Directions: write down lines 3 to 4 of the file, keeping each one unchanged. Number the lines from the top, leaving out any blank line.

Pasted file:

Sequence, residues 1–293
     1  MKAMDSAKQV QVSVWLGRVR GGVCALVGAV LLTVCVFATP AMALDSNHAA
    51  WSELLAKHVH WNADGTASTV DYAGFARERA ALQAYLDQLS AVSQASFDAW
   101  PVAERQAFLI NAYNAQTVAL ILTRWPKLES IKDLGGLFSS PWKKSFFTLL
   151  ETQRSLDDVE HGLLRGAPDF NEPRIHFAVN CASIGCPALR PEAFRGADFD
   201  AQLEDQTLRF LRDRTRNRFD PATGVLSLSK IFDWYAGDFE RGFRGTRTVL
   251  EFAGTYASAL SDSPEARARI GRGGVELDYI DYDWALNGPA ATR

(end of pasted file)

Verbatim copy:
    51  WSELLAKHVH WNADGTASTV DYAGFARERA ALQAYLDQLS AVSQASFDAW
   101  PVAERQAFLI NAYNAQTVAL ILTRWPKLES IKDLGGLFSS PWKKSFFTLL